The paper above is a response to the issue of selfish mining. The authors describe a protocol such that the honest strategy for miners is a form of approximate equilibrium. 

Prism: Deconstructing the Blockchain to Approach Physical Limits (2019) by Vivek Bagaria, Sreeram Kannan, David Tse, Giulia Fanti, and Pramod Viswanath.
In Bitcoin, blocks play multiple roles in the sense that they are used to list transactions but also in reaching consensus in block ordering. In the paper above, the authors deconstruct Nakamoto’s blockchain into its basic functionalities and show how to construct a proof-of-work protocol with high throughput and low latency.

The two following papers show how to implement longest chain proof-of-stake protocols with provable guarantees. 

  1. Ouroboros: A Provably Secure Proof-of-Stake Blockchain Protocol (2017) by Aggelos Kiayias, Alexander Russell, Bernardo David, and Roman Oliynykov.
  2. Snow White: Robustly Reconfigurable Consensus and Applications to Provably Secure Proof of Stake (2019) by Phil Daian, Rafael Pass, and Elaine Shi.

Algorand: Scaling Byzantine Agreements for Cryptocurrencies (2017) by Yossi Gilad, Rotem Hemo, Silvio Micali, Georgios Vlachos, and Nickolai Zeldovich.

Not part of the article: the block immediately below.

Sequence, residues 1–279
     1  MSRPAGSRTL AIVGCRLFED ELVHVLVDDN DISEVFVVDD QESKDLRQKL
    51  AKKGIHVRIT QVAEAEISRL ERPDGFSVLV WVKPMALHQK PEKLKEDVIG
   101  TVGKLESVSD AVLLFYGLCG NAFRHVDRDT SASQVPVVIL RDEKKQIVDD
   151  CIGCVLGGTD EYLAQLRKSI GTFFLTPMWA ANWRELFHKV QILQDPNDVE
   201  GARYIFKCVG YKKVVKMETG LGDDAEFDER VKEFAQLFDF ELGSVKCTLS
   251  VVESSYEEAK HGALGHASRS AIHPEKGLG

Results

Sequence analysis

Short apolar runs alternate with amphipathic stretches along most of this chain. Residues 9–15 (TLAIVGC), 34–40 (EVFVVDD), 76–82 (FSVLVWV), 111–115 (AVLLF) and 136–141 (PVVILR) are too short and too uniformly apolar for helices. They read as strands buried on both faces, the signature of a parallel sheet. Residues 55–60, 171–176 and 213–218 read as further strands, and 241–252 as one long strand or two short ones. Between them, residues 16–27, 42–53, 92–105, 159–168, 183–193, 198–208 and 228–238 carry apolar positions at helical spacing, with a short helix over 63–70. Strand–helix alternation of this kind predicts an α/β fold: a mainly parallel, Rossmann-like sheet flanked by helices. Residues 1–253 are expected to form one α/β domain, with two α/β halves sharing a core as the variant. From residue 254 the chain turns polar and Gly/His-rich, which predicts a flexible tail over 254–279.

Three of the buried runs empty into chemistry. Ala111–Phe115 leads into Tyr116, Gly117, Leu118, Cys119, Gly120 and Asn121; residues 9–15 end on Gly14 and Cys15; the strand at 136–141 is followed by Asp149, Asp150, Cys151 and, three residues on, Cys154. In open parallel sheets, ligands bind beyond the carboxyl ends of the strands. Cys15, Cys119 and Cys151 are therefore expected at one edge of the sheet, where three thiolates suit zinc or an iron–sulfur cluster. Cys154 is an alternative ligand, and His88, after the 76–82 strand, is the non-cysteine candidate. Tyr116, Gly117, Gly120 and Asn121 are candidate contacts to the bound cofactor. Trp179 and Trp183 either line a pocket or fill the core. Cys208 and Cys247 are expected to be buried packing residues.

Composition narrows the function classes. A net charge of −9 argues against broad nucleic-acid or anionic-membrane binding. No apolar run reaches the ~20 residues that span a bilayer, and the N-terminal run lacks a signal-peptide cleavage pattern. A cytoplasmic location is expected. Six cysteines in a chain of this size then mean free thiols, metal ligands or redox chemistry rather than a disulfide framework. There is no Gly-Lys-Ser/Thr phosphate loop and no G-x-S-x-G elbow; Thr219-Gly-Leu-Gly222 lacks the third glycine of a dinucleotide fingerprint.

This paper shows how to implement a classical BFT-style protocol as a proof-of-stake protocol. Here is a talk on Algorand by Silvio Micali.

Combining GHOST and Casper (2020) by Vitalik Buterin, Diego Hernandez, Thor Kamphefner, Khiem Pham, Zhi Qiao, Danny Ryan, Juhyeok Sin, Ying Wang, and Yan X Zhang.

Three Attacks on Proof-of-Stake Ethereum (2022) by Caspar Schwarz-Schilling, Joachim Neu, Barnabé Monnot, Aditya Asgaonkar, Ertem Nusret Tas, and David Tse.
The present version of Ethereum needs more analysis. This paper describes some attacks. 

The Chia Network Blockchain (2019) by Bram Cohen and Krzysztof Pietrzak.
This paper shows how to build a longest chain protocol using proof of space and time.

Byzantine Generals in the Permissionless Setting (2021) by Andrew Lewis-Pye and Tim Roughgarden.
In this paper, the authors develop a framework for the analysis of permissionless protocols that allows one to do things such as prove impossibility results for permissionless protocols, and to clearly delineate the general capabilities of proof-of-work and proof-of-stake protocols. 


Andrew Lewis-Pye is a Professor at the London School of Economics. He has worked in various fields, including mathematical logic, network science, population genetics, and blockchain. For the last four years his research focus has been on blockchain, where his principal interests are in consensus protocols and tokenomics. You can find him on Twitter @AndrewLewisPye .